When we think of dinosaurs we probably think of the wonderful movie franchise, “Jurassic Park.” But dinosaurs aren’t just make-believe creatures found in movies or books – they actually did exist. There were once a variety of these giants that roamed around the world. And recently, a new species of dinosaur has been discovered by scientists in China.
Estimated to be around 125 million years old, two entirely preserved fossils were unearthed in the northeastern area of China, in the Lujiatun Beds. Paleontologists from the Royal Belgian Institute of Natural Sciences believe that the animals may have been burrowing when they became trapped in a volcanic eruption. This would’ve resulted in two perfectly preserved “magnificent skeletons.”
One of the paleontologists from RBINS, Pascal Godefroit, noted that “These animals were quickly covered by fine sediment while they were still alive or just after their death.”
The two skeletons have been named “Changmiania liaoningensis.” The name for the species comes from Chinese, with Changmiania meaning “eternal sleep.” So far, it is believed that the species of dinosaurs were bipedal herbivore who grew around 1.2 meters in length. These dinosaurs have even been defined as some of the oldest ornithopod dinosaur to date. Ornithopods are described as being a group of dinosaurs who were herbivorous. They thrived during the Cretaceous period, which was between 66-145.5 million years ago).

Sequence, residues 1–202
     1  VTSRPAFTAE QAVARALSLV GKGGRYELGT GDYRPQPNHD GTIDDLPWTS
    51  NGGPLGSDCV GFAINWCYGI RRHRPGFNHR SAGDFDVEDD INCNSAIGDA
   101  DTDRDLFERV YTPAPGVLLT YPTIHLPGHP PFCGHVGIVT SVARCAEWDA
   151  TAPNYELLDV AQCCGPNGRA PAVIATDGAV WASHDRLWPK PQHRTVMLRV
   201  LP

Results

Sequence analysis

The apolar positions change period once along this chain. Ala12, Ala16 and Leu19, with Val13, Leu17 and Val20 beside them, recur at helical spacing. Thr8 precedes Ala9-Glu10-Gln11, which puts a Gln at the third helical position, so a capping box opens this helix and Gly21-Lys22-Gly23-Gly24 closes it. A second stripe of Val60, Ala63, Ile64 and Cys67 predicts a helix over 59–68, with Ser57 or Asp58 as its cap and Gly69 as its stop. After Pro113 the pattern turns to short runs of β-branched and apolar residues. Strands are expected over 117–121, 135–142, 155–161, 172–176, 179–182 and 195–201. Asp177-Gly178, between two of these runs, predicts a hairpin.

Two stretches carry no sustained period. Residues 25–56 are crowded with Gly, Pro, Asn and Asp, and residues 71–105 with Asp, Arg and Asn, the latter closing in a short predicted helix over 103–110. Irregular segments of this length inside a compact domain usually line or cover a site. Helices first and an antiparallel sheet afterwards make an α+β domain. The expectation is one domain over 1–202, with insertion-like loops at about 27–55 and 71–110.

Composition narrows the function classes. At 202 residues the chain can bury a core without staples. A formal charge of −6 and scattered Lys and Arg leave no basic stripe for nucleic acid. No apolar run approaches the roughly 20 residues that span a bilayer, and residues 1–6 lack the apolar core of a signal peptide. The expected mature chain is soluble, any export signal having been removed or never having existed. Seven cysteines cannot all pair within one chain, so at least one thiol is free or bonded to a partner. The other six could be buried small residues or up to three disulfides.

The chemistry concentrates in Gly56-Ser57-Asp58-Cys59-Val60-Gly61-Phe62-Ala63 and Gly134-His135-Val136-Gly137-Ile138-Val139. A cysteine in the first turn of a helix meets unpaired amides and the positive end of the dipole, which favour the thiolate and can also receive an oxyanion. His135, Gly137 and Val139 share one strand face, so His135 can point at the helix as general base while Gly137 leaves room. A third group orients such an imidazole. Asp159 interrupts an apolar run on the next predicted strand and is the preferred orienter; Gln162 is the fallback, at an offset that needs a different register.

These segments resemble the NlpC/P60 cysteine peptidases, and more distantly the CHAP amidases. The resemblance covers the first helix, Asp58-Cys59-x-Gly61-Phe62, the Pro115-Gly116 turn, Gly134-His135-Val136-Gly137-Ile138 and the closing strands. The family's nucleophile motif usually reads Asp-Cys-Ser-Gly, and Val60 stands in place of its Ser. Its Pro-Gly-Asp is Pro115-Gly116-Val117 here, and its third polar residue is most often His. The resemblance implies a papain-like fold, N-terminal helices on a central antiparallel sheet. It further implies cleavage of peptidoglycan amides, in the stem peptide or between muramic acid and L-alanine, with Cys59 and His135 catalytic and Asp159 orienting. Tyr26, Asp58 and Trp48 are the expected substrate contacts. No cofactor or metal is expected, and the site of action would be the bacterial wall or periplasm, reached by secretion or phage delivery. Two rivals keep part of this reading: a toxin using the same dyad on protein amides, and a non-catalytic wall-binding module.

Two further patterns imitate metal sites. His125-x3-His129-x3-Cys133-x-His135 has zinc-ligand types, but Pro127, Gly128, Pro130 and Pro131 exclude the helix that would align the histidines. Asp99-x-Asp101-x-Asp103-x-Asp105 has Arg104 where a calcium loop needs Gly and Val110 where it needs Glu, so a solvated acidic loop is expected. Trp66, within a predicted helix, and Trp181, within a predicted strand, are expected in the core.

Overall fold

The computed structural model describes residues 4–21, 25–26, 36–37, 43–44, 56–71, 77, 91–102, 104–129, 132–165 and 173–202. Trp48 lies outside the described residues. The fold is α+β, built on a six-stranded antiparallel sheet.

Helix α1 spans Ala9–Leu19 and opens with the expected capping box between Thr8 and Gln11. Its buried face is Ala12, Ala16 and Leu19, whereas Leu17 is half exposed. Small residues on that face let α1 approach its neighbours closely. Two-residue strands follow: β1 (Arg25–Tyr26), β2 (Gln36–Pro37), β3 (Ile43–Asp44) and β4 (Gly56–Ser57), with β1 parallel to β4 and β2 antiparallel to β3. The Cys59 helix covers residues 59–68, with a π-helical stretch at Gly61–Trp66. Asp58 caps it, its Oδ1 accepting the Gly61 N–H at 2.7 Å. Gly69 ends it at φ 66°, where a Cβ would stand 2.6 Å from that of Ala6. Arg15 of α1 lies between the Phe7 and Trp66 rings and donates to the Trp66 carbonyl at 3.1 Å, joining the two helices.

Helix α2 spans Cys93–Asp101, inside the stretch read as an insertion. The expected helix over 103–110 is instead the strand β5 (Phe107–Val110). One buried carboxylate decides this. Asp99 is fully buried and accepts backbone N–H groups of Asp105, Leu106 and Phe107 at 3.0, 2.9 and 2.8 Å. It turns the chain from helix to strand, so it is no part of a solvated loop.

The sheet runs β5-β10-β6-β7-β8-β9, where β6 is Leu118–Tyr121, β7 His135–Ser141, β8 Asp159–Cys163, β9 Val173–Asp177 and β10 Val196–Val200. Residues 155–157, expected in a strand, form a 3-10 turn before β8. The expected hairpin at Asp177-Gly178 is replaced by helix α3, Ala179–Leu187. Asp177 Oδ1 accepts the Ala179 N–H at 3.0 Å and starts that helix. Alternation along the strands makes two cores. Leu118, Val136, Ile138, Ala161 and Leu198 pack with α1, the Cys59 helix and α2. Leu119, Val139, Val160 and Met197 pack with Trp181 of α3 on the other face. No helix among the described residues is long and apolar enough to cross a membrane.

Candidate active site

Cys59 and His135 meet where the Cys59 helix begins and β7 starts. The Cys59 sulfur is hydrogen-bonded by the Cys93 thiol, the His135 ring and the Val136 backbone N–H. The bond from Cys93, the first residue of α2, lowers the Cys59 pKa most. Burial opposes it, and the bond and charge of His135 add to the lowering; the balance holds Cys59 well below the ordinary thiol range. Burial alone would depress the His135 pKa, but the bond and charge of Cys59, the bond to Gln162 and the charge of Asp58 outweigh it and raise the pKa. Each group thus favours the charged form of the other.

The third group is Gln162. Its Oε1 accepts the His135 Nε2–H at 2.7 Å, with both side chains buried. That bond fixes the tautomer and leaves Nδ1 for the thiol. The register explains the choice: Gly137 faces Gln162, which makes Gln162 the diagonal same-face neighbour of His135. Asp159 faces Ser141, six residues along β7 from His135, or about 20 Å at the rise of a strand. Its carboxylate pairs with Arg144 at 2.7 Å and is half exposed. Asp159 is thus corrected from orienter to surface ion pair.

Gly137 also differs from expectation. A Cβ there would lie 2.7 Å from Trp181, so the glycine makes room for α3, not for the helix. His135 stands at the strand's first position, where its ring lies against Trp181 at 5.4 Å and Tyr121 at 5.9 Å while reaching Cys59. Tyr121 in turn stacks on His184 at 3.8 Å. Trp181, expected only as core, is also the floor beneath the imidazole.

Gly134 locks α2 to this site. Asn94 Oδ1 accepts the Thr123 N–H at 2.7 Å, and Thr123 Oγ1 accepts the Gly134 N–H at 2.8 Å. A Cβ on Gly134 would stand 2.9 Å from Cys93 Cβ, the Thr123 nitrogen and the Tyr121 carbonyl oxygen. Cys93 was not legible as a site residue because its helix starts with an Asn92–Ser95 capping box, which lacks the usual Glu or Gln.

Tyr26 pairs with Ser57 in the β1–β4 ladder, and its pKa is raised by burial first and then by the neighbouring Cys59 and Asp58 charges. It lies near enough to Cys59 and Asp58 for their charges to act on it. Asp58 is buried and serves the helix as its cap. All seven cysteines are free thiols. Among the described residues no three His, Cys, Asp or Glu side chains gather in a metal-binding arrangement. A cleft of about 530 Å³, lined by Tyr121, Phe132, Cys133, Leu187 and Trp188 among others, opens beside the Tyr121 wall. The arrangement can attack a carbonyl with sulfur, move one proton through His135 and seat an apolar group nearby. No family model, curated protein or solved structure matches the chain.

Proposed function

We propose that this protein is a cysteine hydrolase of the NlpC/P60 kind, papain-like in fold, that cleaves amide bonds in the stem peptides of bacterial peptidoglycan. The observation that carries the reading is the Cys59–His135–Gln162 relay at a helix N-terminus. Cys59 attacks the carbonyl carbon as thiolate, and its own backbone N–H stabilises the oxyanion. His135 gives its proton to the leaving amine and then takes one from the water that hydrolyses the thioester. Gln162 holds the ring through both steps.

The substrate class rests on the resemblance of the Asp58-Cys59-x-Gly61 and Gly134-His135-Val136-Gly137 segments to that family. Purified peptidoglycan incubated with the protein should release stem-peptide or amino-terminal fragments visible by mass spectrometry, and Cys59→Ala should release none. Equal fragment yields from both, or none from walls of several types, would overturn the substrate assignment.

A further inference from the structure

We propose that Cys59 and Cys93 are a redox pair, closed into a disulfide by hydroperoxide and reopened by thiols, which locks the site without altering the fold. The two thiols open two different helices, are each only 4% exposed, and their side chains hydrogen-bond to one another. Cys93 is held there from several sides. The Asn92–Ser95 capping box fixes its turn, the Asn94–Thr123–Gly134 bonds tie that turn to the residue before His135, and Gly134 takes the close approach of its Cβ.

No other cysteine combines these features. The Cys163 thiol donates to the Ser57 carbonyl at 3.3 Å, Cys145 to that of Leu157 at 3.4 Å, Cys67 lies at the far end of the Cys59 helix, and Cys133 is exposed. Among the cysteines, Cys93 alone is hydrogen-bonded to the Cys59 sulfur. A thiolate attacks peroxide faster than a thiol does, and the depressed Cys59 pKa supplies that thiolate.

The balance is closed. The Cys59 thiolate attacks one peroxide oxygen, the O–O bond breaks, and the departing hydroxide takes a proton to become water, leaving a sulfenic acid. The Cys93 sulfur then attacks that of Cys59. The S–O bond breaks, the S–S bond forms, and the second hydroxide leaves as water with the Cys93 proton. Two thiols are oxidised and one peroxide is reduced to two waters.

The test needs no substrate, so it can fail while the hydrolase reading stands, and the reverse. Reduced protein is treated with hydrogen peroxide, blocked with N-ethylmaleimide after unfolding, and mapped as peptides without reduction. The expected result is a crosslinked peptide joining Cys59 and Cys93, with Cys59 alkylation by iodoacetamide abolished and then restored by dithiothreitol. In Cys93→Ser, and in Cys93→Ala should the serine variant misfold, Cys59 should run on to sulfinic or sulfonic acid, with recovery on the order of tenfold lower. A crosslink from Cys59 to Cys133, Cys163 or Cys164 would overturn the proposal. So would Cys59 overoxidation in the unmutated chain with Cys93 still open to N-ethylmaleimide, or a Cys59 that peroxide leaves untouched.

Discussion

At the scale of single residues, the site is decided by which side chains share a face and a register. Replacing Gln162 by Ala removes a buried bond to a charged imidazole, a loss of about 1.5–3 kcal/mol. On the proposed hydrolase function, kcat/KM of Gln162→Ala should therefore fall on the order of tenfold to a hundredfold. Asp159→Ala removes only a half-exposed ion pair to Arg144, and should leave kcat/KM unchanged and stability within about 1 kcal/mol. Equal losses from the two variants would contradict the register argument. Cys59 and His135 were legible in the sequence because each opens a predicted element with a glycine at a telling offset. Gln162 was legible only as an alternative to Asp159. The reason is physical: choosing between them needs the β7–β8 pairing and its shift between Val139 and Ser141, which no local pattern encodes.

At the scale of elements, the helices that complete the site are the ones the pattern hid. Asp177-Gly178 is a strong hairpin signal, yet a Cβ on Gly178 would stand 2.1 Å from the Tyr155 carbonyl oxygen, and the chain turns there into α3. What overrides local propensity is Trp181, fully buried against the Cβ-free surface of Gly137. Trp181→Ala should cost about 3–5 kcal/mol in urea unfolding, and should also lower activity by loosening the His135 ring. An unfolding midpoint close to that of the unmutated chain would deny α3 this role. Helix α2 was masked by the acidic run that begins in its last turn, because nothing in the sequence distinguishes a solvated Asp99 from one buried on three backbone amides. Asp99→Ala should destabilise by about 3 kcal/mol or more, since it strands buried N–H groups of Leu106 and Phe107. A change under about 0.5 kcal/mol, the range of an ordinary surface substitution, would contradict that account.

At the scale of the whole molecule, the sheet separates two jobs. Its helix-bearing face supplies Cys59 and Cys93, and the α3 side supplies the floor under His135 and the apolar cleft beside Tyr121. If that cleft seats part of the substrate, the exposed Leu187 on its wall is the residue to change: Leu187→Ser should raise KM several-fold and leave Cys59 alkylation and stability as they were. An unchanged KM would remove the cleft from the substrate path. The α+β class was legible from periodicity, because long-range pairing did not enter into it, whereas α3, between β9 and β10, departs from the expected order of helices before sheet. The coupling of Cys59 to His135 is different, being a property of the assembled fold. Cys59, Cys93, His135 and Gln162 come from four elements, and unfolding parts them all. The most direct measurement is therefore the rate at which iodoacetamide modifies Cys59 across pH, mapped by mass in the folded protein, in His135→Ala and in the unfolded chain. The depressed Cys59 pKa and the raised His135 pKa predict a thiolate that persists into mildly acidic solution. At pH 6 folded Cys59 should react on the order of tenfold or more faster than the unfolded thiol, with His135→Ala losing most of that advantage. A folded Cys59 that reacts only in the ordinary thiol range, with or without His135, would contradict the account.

Paleontologists have even deduced that these dinosaurs were probably pretty fast – judging from their powerful hind legs coupled with their stiff tales.
As Godefroit noted, there were certain characteristics to their skeletons that suggested these animals were burrowers – not unlike the rabbits of today.
He stated, “Its neck and forearms are very short but robust, its shoulder blades are characteristic of burrowing vertebrates and the top of its snout is shaped like a shovel.”
As for how they died, he shared that he and his fellow scientists believed that these particular Changmiania were inside their burrows when they became trapped by a volcanic eruption that took place about 125 million years ago.
While this was all exciting, the team officially published their findings in the PeerJ scientific journal – something accessible to the public by clicking here. Definitely worth a read if you’re interested in dinosaurs!